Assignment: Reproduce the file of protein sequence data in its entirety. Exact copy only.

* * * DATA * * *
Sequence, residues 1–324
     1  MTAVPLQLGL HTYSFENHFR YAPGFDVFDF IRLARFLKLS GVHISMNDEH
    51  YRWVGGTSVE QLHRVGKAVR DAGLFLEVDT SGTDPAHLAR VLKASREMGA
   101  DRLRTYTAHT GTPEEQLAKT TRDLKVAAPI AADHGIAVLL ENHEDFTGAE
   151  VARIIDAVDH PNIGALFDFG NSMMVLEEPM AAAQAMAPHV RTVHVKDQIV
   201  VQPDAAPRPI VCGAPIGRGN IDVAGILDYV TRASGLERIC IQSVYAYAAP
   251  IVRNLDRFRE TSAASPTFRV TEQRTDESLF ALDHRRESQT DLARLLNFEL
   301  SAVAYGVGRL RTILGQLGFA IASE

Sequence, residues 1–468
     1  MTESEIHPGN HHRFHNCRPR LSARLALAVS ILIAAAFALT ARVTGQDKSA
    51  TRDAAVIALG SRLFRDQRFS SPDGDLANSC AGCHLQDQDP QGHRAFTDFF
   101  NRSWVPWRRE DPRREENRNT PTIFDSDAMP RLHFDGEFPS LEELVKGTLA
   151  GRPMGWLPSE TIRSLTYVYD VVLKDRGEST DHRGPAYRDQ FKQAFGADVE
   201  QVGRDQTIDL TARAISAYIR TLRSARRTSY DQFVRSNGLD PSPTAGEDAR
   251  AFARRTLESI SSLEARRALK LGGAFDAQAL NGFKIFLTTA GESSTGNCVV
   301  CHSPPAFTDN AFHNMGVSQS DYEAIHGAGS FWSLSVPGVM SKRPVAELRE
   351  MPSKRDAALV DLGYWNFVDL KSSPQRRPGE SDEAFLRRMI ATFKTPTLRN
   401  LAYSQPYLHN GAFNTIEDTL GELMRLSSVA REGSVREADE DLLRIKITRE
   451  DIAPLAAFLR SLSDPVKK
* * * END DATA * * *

Sequence, residues 1–324
     1  MTAVPLQLGL HTYSFENHFR YAPGFDVFDF IRLARFLKLS GVHISMNDEH
    51  YRWVGGTSVE QLHRVGKAVR DAGLFLEVDT SGTDPAHLAR VLKASREMGA
   101  DRLRTYTAHT GTPEEQLAKT TRDLKVAAPI AADHGIAVLL ENHEDFTGAE
   151  VARIIDAVDH PNIGALFDFG NSMMVLEEPM AAAQAMAPHV RTVHVKDQIV
   201  VQPDAAPRPI VCGAPIGRGN IDVAGILDYV TRASGLERIC IQSVYAYAAP
   251  IVRNLDRFRE TSAASPTFRV TEQRTDESLF ALDHRRESQT DLARLLNFEL
   301  SAVAYGVGRL RTILGQLGFA IASE

Sequence, residues 1–468
     1  MTESEIHPGN HHRFHNCRPR LSARLALAVS ILIAAAFALT ARVTGQDKSA
    51  TRDAAVIALG SRLFRDQRFS SPDGDLANSC AGCHLQDQDP QGHRAFTDFF
   101  NRSWVPWRRE DPRREENRNT PTIFDSDAMP RLHFDGEFPS LEELVKGTLA
   151  GRPMGWLPSE TIRSLTYVYD VVLKDRGEST DHRGPAYRDQ FKQAFGADVE
   201  QVGRDQTIDL TARAISAYIR TLRSARRTSY DQFVRSNGLD PSPTAGEDAR
   251  AFARRTLESI SSLEARRALK LGGAFDAQAL NGFKIFLTTA GESSTGNCVV
   301  CHSPPAFTDN AFHNMGVSQS DYEAIHGAGS FWSLSVPGVM SKRPVAELRE
   351  MPSKRDAALV DLGYWNFVDL KSSPQRRPGE SDEAFLRRMI ATFKTPTLRN
   401  LAYSQPYLHN GAFNTIEDTL GELMRLSSVA REGSVREADE DLLRIKITRE
   451  DIAPLAAFLR SLSDPVKK